Remembering “a True Giant in Endocrinology and Neuroendocrinology,” Mary F. Dallman, PhD

dallman headshot

It is with sadness that we inform the endocrine community that Mary F. Dallman, PhD, passed away on December 21, 2021.

Mary was a true giant in endocrinology and neuroendocrinology. She received her BA from Smith College (Magna Cum Laude) and her PhD from Stanford with Gene Yates and did post-doctoral training in Stockholm with Bengt Andersson and at UCSF with Fran Ganong. Mary joined the UCSF faculty in 1970 and rose to professor and vice chair in the 1980s. In fact, Mary was one of the first women to be a tenured basic science faculty at UCSF and led the way for many others to follow.

When you joined Mary’s lab, you joined a real family where great — even wild and crazy — ideas were encouraged and nurtured.

Mary’s research was wide ranging and profoundly influential. She developed one of the first useable and reliable plasma ACTH immunoassays that revolutionized both basic science and clinical practice. As a graduate student, she developed the idea that there are different time domains and kinetics of glucocorticoid negative feedback. She knew more about the stress response and HPA axis dynamics than just about anyone. Her later career was devoted to understanding how feeding and “comfort food” are important in stress dynamics, endocrinology, and metabolism.

It is impossible to summarize Mary’s breadth and depth of research in a short space. She was honored by the British Neuroendocrine Society, Women in Endocrinology, Society for the Study of Ingestive Behavior, and the International Society of Psychoneuroendocrinology. Mary served as President of Women in Endocrinology and of the International Society of Neuroendocrinology; served on the Endocrine Society Council; and was an associate editor of Endocrinology.

But Mary’s most important attribute was the mentorship that she provided to at least three generations of endocrine and neuroendocrine scientists. When you joined Mary’s lab, you joined a real family where great — even wild and crazy — ideas were encouraged and nurtured. Mary was a unique character with the most joyous eccentricities and novel ideas in which we all reveled. Her laboratory was the nexus for many informal gatherings of graduate students, staff, and postdocs from all over the UCSF campus. She was a role model for all of us, but particularly for women in endocrinology. Many years after leaving Mary’s laboratory, we would still “run data” by her and she always had great insights into a new way of looking at results.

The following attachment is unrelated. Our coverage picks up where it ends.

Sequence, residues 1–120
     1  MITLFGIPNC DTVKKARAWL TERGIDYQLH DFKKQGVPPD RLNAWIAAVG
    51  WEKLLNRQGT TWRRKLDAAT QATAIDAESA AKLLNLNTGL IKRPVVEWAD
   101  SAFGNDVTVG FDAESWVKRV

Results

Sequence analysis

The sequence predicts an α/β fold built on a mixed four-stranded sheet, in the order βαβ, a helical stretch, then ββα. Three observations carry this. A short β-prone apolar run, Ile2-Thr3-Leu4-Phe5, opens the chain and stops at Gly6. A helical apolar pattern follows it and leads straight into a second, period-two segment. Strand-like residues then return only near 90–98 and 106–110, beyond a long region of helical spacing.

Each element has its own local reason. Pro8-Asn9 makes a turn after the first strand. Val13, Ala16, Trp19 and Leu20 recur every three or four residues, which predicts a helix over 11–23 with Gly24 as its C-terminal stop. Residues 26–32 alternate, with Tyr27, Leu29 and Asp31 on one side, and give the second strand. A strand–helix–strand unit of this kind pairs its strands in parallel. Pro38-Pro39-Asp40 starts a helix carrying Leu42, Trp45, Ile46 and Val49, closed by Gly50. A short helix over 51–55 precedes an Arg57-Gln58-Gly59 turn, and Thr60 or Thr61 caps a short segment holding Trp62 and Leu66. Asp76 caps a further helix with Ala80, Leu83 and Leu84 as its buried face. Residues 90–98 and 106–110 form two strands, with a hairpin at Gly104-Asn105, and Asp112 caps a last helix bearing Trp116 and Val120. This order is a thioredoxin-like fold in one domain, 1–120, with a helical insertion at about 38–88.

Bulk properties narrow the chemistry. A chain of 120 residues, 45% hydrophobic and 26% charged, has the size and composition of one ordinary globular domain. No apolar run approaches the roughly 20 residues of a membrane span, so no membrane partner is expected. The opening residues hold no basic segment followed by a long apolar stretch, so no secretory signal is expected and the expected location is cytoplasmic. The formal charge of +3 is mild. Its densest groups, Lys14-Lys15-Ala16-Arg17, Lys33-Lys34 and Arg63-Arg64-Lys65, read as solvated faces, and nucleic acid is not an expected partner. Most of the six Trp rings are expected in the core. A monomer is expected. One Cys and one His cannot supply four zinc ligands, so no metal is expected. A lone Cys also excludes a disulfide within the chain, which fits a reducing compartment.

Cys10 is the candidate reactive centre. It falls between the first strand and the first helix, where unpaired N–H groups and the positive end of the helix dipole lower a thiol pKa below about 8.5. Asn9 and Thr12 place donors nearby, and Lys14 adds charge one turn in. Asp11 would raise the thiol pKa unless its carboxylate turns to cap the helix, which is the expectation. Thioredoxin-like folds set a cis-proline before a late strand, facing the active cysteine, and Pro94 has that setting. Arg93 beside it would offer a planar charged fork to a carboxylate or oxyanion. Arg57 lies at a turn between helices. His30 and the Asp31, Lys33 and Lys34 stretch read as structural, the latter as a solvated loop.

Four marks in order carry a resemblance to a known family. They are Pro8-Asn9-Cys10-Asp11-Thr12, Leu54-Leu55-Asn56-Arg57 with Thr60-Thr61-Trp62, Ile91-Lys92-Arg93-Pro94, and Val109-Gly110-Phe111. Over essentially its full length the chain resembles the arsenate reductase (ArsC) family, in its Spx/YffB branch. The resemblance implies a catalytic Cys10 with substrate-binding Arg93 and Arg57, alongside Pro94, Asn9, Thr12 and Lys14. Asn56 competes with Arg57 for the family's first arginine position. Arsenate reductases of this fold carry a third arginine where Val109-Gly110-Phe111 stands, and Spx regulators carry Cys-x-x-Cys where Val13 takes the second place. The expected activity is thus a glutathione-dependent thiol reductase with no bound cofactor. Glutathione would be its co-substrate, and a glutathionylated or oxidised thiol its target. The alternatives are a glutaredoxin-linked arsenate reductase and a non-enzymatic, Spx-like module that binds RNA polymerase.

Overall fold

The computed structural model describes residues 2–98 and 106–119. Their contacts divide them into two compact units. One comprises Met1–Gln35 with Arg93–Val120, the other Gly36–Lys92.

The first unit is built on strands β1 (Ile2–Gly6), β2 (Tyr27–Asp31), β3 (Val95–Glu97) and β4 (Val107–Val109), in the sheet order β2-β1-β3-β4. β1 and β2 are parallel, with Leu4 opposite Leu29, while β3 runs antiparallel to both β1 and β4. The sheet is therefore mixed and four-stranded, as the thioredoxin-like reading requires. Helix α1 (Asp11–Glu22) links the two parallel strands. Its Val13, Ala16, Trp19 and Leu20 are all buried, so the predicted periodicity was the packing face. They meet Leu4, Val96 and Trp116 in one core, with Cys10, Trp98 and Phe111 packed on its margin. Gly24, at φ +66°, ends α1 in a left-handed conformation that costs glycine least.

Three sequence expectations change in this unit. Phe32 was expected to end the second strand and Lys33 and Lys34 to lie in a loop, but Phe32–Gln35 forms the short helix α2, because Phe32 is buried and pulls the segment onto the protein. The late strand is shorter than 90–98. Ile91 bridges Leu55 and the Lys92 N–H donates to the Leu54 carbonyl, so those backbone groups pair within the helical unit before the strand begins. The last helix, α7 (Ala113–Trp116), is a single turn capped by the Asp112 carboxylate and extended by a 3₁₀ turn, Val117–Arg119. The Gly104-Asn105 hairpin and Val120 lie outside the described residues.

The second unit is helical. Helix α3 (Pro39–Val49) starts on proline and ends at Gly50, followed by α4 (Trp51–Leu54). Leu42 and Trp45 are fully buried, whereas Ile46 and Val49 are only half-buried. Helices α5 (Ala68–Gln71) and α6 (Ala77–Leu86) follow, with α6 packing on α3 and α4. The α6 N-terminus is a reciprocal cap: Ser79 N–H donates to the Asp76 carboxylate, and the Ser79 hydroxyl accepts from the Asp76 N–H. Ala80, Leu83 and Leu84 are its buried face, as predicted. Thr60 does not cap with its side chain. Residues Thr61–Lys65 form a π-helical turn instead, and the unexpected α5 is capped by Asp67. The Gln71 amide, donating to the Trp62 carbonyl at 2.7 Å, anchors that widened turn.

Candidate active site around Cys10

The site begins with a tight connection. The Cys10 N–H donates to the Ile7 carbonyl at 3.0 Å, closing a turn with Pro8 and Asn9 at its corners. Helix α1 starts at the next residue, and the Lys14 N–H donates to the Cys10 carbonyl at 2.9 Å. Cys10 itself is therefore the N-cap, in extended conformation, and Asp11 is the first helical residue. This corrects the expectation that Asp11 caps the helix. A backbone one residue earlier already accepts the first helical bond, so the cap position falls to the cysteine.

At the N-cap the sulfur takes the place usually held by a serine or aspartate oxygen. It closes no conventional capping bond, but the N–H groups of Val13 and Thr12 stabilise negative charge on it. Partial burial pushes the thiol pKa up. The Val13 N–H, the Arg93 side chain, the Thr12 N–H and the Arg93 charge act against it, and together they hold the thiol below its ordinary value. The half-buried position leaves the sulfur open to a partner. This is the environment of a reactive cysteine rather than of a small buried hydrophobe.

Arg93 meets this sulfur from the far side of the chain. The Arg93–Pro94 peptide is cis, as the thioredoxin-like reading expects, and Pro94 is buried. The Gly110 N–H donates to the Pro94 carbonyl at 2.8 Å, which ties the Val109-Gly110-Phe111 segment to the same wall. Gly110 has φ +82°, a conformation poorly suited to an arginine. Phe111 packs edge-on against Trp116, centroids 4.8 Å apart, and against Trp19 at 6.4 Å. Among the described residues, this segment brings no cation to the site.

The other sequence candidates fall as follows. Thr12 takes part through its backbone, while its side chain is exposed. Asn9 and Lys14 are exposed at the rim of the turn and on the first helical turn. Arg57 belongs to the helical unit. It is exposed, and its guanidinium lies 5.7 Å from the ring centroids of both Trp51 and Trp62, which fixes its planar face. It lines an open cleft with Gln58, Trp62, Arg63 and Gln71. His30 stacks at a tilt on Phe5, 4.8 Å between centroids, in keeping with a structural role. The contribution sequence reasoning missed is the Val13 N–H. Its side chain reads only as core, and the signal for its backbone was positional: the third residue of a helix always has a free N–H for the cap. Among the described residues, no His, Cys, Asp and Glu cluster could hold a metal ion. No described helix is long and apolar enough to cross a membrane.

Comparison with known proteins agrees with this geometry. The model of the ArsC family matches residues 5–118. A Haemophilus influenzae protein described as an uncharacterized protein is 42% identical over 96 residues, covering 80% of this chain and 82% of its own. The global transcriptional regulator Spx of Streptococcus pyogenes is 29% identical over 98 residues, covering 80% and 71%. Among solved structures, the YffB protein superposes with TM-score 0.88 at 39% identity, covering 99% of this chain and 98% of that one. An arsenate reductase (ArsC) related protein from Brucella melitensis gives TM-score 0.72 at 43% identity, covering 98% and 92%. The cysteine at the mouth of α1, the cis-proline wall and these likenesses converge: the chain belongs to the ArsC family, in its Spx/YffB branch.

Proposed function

Mary was a unique character with the most joyous eccentricities and novel ideas in which we all reveled.

Mary was a devoted wife, mother, and grandmother. Once you were part of Mary’s extended family, you were a “Dallmanite” forever. We cannot express the level of joy and excitement she brought to the laboratory every day. Also, hard to describe is her generous and caring personality — she touched us with her honesty, encouragement, constructive criticisms, and above all, life-long nurturing. We will all greatly miss her but will remember the good times we had and great science we did under her guidance, collaboration, and mentorship.

You may also like

  • Endocrine Society Journals Earn Higher Impact Factors for 2021 

    The Endocrine Society’s Journals experienced sizeable Impact Factor gains, led by Endocrine Reviews, according to Clarivate’s recently released annual Journal Citation Report (JCR) for 2021.  A highly regarded metric used to measure the success of scholarly journals, the 2021 Impact Factor is calculated by tracking how many times articles that a journal published in 2019…

  • Hammer Wins Inaugural Endocrine Images Art Competition

    Gary Hammer, MD, PhD, Millie Schembechler professor of Adrenal Cancer at the University of Michigan in Ann Arbor, Mich., won the Endocrine Society’s Endocrine Images Art Competition, a contest celebrating the beauty of endocrine science. Entries were judged based on aesthetic value and significance to endocrine research. Hammer’s image of the adrenal gland took the top…

Find more in